My Administration is taking historic actions to finally deliver full equality for LGBTQ+ families.  On my first day in office, I signed an Executive Order charging Federal agencies to fully enforce all Federal laws that prohibit discrimination on the basis of gender identity or sexual orientation.  As a result, the Federal Government has taken steps to prevent discrimination against LGBTQ+ people in employment, health care, housing, lending, and education.  I also signed an Executive Order affirming all qualified Americans will be able to serve in the Armed Forces of the United States — including patriotic transgender Americans who can once again proudly and openly serve their Nation in uniform — and a National Security Memorandum that commits to supporting LGBTQ+ Federal employees serving overseas.  My Administration is also working to promote and protect LGBTQ+ human rights abroad.  LGBTQ+ rights are human rights, which is why my Administration has reaffirmed America’s commitment to supporting those on the front lines of the equality and democracy movements around the world, often at great risk.  We see you, we support you, and we are inspired by your courage to accept nothing less than full equality.

While I am proud of the progress my Administration has made in advancing protections for the LGBTQ+ community, I will not rest until full equality for LGBTQ+ Americans is finally achieved and codified into law.  That is why I continue to call on the Congress to pass the Equality Act, which will ensure civil rights protections for LGBTQ+ people and families across our country.  And that is why we must recognize emerging challenges, like the fact that many LGBTQ+ seniors, who faced discrimination and oppression throughout their lives, are isolated and need support and elder care.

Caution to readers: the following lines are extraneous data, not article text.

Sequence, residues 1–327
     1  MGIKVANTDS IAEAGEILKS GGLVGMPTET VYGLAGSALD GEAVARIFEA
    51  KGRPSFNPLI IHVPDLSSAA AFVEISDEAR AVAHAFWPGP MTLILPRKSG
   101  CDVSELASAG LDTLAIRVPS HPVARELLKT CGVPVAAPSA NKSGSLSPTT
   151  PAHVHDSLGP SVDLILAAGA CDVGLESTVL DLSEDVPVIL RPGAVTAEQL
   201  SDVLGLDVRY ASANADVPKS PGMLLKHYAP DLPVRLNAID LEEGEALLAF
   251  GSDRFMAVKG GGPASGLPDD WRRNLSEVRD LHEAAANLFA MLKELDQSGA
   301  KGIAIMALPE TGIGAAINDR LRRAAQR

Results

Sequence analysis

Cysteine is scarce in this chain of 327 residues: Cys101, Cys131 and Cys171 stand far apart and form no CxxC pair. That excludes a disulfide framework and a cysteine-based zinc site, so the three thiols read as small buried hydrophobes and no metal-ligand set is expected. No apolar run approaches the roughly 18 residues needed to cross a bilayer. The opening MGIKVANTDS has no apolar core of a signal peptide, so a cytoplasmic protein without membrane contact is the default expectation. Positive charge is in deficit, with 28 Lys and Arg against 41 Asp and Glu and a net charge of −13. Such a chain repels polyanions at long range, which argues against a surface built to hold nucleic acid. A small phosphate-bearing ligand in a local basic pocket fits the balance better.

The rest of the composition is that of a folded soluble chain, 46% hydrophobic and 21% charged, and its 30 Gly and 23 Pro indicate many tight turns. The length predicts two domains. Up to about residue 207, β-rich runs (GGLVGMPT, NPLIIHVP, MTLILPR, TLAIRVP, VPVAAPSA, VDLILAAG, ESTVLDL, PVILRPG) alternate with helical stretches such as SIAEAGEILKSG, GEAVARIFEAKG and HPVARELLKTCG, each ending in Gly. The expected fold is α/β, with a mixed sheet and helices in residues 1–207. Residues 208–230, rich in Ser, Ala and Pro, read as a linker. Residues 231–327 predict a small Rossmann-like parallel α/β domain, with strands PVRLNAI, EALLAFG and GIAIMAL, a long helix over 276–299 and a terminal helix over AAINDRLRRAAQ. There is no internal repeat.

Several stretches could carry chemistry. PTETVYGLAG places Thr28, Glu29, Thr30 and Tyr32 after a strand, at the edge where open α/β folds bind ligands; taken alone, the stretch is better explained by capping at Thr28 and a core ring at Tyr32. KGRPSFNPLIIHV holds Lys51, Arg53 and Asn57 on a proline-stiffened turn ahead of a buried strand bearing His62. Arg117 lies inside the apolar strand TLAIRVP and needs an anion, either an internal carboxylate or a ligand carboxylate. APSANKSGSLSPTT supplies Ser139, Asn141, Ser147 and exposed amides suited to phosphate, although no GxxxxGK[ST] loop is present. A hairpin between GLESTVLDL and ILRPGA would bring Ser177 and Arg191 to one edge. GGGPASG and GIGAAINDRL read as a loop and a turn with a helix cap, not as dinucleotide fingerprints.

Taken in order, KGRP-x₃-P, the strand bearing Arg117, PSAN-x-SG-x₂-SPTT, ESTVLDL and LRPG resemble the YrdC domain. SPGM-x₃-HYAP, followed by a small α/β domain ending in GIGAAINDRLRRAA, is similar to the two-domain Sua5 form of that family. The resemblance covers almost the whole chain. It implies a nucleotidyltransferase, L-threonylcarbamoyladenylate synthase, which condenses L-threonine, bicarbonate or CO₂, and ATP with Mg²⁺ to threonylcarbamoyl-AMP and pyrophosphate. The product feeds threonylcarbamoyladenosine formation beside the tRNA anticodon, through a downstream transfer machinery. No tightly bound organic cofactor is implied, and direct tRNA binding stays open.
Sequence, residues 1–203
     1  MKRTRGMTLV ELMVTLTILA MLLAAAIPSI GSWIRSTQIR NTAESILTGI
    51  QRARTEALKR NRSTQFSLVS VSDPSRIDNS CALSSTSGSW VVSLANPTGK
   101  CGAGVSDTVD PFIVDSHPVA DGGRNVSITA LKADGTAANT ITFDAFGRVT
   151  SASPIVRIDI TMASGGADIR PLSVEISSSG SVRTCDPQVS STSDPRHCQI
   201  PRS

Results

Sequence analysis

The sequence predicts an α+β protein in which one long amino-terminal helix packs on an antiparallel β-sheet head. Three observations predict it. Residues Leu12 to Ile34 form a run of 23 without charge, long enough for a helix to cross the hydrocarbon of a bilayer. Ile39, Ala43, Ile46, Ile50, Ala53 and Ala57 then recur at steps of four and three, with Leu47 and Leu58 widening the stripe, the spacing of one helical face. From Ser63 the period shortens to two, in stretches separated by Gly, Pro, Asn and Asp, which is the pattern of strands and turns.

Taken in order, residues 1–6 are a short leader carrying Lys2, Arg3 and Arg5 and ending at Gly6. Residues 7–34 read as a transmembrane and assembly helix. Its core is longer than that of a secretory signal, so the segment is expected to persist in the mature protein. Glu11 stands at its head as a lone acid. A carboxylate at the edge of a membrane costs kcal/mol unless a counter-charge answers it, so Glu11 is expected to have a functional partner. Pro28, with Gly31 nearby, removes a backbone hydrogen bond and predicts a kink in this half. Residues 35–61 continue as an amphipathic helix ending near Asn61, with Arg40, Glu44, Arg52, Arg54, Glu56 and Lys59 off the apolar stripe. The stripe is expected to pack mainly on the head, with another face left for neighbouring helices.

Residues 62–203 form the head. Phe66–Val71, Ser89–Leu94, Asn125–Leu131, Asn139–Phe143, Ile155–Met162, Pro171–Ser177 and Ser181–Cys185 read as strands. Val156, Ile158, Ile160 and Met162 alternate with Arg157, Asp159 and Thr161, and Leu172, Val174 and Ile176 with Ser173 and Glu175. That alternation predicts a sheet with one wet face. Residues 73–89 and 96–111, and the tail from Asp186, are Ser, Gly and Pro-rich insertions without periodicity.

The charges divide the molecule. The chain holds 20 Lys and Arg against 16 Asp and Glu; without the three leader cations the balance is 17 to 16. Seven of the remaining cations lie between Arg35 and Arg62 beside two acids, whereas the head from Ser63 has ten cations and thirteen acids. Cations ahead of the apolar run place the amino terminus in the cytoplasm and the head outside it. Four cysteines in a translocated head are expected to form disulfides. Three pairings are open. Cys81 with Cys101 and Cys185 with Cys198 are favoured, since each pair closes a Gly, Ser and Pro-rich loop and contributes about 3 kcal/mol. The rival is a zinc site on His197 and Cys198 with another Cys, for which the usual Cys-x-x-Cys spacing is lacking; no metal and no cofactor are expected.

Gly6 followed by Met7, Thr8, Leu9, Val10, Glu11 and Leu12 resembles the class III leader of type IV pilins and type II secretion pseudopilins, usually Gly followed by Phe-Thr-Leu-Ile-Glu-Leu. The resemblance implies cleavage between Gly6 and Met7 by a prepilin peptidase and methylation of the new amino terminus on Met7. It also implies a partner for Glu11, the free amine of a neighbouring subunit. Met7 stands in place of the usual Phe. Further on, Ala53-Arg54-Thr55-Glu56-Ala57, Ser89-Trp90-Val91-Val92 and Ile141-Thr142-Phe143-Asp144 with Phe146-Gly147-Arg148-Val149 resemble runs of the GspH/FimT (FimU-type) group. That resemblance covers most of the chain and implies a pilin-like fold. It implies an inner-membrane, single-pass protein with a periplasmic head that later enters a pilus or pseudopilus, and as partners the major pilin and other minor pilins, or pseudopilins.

During LGBTQ+ Pride Month, we recognize the resilience and determination of the many individuals who are fighting to live freely and authentically.  In doing so, they are opening hearts and minds, and laying the foundation for a more just and equitable America.  This Pride Month, we affirm our obligation to uphold the dignity of all people, and dedicate ourselves to protecting the most vulnerable among us.

NOW, THEREFORE, I, JOSEPH R. BIDEN JR., President of the United States of America, by virtue of the authority vested in me by the Constitution and the laws of the United States, do hereby proclaim June 2021 as Lesbian, Gay, Bisexual, Transgender, and Queer Pride Month.  I call upon the people of the United States to recognize the achievements of the LGBTQ+ community, to celebrate the great diversity of the American people, and to wave their flags of pride high.

IN WITNESS WHEREOF, I have hereunto set my hand this first day of June, in the year of our Lord two thousand twenty-one, and of the Independence of the United States of America the two hundred and forty-fifth.

JOSEPH R. BIDEN JR.
Source: Office oof the White House

When state Rep. Stephanie Byers, a former high school music and band teacher, decided to run for office to represent Kansas' 86th District as a Democrat in the Republican-majority state House, she didn't know what to expect. The district, which includes much of Wichita, was nearly evenly divided among Democratic, Republican and independent voters, said Byers, who also happens to be transgender.

After her win in November, she's now Kansas' first transgender elected official and the country's first trans Native American elected official. (Byers is a descendant of the Chickasaw Nation.)